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Essential, as always, for buffs and students of the modern short story.

Centenary volume of the esteemed short fiction annual, filled with standouts.

As the publisher writes, with welcome transparency, in an opening note, the choices in this volume are made by series editor and novelist/memoirist Furman (Ordinary Paradise, 1998, etc.); the jurors—in this case, Lara Vapnyar, Lynn Freed, and Elizabeth Strout—pick and comment on their favorite submission among the 20 Furman proffers. That understood, Furman appears to have broad tastes and no fear of sudden violence, something many of the stories exhibit. Perhaps the best—as with most prize volumes, especially those of limited scope, there’s not really a bad story in the bunch, but some are naturally enough better than others—is Canadian author Alexander MacLeod’s searing “Lagomorph,” whose title commemorates an unusually long-lived rabbit whose days are nearly ended by an unwonted visit outdoors and an encounter there with a hungry snake. The metaphor could be obvious in a story whose guiding arc is the deterioration of a long marriage, but MacLeod keeps his eye on the rabbit and firm control over a story packed with meaning: “I couldn’t feel anything out of place, and couldn’t tell if there was something else wrong, something broken deeper inside of him.” Speaking of control, Souvankham Thammavongsa turns the tables nicely with her story “Slingshot,” depicting a 70-year-old woman whose relationship with a 32-year-old man is sexual and sensual but whose terms she sets, quietly rebuking the noisy and nosy: “Old is a thing that happened outside,“ thinks her narrator when one bore reminds her of the age difference. The violence returns in John Edgar Wideman’s self-assured “Maps and Ledgers,” concerning a rising African American academic whose daily burden is by no means lessened when his father kills a man, while Rachel Kondo’s “Girl of Few Seasons” lays a memorable foundation for the reasons why a Vietnam-bound Hawaiian man must kill his flock of homing pigeons, “a steady heartbeat in his hands."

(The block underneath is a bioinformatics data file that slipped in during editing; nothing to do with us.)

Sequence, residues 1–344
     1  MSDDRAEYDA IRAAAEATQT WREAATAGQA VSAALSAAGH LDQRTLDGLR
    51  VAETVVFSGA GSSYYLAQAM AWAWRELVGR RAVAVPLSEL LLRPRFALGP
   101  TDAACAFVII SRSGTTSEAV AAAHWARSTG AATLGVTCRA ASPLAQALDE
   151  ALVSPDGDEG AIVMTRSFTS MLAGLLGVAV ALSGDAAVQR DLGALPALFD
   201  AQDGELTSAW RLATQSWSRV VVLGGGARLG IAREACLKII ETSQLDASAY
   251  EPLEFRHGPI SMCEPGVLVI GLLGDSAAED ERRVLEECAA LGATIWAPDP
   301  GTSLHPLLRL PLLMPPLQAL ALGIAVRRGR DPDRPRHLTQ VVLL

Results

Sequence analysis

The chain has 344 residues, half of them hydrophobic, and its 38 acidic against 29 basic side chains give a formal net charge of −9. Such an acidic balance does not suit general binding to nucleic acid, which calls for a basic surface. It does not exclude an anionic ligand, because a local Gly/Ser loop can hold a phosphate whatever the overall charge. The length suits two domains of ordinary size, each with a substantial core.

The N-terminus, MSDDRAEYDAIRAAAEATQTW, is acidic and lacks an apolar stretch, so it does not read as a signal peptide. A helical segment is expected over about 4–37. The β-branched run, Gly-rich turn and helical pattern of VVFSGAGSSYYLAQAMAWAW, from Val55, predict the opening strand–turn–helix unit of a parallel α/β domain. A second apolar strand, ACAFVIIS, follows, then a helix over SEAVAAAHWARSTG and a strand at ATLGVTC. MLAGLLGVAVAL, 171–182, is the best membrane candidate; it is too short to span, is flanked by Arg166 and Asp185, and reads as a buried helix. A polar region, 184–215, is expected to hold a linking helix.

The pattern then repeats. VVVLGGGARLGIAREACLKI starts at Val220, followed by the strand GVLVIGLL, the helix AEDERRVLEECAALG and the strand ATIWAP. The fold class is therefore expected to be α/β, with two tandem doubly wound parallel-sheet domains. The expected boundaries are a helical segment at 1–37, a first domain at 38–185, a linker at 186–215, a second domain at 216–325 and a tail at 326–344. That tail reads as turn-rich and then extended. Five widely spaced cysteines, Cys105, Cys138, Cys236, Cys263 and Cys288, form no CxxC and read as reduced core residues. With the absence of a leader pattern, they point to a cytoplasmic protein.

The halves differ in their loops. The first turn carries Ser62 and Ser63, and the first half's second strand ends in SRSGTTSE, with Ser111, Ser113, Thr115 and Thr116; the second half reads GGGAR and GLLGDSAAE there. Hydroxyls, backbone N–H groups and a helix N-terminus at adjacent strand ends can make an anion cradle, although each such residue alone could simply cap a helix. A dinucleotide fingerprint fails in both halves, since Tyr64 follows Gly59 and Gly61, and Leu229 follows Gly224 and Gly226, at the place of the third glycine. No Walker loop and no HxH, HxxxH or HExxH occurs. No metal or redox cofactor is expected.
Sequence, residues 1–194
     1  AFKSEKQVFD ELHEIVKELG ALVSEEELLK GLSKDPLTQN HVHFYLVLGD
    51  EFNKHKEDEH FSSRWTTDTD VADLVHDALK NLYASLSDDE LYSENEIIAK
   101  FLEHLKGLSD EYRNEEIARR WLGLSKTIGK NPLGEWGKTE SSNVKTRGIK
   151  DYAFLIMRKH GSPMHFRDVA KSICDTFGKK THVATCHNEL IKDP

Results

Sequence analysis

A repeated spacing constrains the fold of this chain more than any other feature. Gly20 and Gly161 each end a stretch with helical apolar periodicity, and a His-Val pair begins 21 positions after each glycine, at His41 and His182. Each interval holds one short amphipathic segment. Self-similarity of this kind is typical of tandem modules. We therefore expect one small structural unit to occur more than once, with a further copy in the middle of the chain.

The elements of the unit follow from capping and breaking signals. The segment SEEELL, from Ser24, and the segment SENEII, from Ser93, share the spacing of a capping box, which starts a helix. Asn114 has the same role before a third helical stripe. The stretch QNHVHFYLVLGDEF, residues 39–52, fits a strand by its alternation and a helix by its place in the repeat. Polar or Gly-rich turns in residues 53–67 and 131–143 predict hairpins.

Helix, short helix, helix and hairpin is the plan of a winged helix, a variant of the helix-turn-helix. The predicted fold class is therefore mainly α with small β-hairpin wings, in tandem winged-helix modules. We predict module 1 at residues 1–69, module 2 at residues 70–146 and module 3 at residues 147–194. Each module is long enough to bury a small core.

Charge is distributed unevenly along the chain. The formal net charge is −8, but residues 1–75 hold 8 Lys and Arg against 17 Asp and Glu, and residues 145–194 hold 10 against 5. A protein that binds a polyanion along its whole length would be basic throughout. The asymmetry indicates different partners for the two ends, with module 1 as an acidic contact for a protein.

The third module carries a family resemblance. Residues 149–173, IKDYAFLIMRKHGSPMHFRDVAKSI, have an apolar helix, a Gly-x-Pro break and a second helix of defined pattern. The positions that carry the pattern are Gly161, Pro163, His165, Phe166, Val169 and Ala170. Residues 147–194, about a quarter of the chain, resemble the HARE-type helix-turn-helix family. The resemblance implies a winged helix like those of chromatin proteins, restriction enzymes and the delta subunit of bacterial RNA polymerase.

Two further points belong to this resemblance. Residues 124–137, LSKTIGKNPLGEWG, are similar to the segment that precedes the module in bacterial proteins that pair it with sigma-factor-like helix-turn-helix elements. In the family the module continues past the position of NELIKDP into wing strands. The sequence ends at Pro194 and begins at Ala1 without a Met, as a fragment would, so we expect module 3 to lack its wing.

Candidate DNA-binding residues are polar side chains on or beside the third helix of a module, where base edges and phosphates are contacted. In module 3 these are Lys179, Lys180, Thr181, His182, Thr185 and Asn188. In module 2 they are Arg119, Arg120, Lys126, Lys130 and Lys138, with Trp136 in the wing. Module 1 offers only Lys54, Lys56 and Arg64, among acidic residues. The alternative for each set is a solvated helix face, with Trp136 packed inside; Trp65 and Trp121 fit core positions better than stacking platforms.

Essential, as always, for buffs and students of the modern short story.

Pub Date: Sept. 10, 2019

ISBN: 978-0-525-56553-6

Page Count: 496

Publisher: Anchor

Review Posted Online: July 27, 2019

Kirkus Reviews Issue: Aug. 15, 2019

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The story's very ambiguity steadily feeds its mysteriousness and power, and Danielewski's mastery of postmodernist and...

An amazingly intricate and ambitious first novel - ten years in the making - that puts an engrossing new spin on the traditional haunted-house tale.